The US’s new electric vehicle tax credit requiring that EVs and their batteries be made in North America puts Canada’s EV battery supply chain is in the spotlight.
A domestic EV battery supply chain could support up to 250,000 jobs by 2030 and add C$48 billion to the Canadian economy annually, according to modelling from Clean Energy Canada and the Trillium Network for Advanced Manufacturing.
Their new report, Canada’s New Economic Engine, explores how Canada can successfully build an EV battery supply chain to become a North American battery powerhouse.
Recent months have seen a stream of new battery investments, from the C$5 billion Stellantis and LG Energy Solution are investing in a Windsor battery factory to the C$500 million General Motors and Posco are investing to bring battery material production to Bécancour, Quebec.
Despite these investments, the success of Canada’s EV battery supply chain—and the hundreds of thousands of future jobs it could support—is still largely dependent on swift government action, Clean Energy Canada asserts.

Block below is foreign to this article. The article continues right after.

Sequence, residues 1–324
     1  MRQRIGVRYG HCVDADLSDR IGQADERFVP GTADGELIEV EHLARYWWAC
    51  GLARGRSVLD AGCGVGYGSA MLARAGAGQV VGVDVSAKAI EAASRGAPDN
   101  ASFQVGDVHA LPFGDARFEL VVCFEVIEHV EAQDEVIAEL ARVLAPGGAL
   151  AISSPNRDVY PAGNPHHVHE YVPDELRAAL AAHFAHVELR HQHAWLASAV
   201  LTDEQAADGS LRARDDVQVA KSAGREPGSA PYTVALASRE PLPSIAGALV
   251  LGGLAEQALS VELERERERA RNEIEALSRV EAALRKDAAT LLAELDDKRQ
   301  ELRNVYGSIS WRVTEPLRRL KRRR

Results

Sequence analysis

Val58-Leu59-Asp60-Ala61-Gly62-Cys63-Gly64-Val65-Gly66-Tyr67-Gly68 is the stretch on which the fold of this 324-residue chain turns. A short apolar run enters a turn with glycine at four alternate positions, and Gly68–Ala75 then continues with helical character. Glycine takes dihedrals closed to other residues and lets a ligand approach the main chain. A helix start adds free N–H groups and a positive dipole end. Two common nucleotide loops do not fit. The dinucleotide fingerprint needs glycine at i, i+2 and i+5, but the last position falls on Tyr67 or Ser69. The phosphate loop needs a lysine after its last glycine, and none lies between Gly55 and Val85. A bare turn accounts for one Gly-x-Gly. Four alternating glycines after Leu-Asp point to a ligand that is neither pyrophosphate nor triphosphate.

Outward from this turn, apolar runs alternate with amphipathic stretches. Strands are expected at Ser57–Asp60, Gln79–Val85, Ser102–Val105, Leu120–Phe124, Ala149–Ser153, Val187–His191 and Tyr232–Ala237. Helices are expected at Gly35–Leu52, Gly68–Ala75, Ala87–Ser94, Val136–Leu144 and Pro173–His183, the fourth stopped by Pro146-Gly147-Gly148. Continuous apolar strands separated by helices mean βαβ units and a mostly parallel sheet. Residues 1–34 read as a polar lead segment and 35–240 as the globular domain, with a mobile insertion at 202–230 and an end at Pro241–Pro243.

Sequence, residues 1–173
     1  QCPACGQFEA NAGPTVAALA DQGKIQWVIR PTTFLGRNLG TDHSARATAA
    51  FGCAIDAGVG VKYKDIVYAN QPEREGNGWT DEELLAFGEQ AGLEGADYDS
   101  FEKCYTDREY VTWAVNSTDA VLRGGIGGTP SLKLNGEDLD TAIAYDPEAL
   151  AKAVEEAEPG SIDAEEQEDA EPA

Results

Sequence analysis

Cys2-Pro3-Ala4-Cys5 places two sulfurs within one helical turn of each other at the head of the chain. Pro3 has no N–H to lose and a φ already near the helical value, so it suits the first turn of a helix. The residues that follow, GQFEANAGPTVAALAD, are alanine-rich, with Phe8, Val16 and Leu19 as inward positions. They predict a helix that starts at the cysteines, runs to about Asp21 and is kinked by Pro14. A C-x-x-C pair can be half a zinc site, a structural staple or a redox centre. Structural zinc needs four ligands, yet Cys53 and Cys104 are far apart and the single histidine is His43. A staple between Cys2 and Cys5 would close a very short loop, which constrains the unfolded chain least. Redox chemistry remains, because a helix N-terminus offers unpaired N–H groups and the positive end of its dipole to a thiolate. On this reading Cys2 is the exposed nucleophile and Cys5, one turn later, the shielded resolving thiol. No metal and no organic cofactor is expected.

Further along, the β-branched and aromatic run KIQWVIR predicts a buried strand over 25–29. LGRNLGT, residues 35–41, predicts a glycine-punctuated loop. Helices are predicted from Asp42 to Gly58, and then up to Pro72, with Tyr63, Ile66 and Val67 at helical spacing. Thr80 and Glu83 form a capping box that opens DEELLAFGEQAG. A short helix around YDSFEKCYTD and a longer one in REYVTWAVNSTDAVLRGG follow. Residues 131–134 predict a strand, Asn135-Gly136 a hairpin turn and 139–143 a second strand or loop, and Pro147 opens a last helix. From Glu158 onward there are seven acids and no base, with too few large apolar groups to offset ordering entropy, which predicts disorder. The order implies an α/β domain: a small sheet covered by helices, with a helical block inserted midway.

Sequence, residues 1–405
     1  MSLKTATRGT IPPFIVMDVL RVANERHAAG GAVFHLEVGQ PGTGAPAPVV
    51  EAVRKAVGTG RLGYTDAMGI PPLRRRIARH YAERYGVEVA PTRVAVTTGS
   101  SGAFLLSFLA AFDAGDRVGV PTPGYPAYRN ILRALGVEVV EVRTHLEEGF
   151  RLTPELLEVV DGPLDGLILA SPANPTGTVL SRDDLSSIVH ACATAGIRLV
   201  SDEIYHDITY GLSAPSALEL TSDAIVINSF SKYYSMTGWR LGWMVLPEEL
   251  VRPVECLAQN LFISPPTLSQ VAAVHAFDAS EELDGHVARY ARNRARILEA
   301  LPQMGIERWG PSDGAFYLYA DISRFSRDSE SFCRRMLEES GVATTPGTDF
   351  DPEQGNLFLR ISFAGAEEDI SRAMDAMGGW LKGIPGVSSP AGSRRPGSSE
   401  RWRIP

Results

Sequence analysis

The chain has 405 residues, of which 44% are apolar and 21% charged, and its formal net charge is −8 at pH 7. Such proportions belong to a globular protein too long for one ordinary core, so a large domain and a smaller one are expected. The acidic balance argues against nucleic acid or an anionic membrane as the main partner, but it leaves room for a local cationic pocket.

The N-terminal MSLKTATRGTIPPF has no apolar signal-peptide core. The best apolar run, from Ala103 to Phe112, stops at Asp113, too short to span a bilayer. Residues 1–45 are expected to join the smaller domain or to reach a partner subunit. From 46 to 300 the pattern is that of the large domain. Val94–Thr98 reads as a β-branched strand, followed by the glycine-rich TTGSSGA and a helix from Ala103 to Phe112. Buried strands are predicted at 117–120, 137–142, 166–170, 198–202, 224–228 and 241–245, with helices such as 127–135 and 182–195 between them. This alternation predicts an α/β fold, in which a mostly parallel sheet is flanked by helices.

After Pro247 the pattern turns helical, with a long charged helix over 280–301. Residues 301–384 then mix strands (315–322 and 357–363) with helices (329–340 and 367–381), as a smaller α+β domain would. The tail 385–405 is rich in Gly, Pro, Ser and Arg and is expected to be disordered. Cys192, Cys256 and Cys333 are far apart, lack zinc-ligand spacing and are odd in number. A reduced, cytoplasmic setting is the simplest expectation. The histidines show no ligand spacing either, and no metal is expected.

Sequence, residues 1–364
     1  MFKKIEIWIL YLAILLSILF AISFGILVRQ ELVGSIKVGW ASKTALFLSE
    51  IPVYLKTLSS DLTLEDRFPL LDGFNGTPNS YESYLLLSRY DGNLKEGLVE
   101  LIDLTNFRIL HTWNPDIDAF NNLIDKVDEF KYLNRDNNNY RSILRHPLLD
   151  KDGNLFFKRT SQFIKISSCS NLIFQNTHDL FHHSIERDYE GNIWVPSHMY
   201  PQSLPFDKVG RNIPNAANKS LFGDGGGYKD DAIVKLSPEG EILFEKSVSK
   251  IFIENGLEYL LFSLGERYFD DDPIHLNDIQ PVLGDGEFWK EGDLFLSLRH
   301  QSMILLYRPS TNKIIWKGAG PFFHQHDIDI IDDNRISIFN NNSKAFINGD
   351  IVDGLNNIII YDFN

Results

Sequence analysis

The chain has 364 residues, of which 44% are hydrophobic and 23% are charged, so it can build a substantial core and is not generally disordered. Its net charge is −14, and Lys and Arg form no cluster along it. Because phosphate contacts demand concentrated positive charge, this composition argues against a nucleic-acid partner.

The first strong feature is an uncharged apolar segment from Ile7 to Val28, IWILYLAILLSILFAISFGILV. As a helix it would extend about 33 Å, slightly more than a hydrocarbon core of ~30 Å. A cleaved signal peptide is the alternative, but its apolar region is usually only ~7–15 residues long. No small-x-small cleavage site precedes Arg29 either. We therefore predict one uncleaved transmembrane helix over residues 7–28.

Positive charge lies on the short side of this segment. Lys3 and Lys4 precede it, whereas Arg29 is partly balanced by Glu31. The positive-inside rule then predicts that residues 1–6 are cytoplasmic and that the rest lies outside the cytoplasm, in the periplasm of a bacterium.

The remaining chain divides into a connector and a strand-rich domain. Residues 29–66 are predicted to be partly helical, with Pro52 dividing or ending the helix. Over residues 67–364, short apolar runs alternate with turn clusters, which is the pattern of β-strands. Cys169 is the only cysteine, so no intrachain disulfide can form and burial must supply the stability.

In a scenario where no additional government action is taken, the report says Canada’s battery supply chain would create just 60,000 jobs and contribute only $12 billion in GDP—fulfilling only about a quarter of both its jobs and GDP potential.
The report identifies six ways in which Canada should focus its efforts to fulfill its battery-building potential. A more effective strategy would double down on a few key stages, such as EV assembly, battery cell manufacturing, clean battery materials production.
“Canada has all the right ingredients to be a battery powerhouse, from the necessary mineral resources to leading cleantech companies,” Evan Pivnick, Clean energy program manager at Clean Energy Canada said in a release.
“But it’s vital that Canada acts swiftly and decisively, or it risks squandering thousands of jobs and billions of dollars.”
The report, key findings and recommendations are here.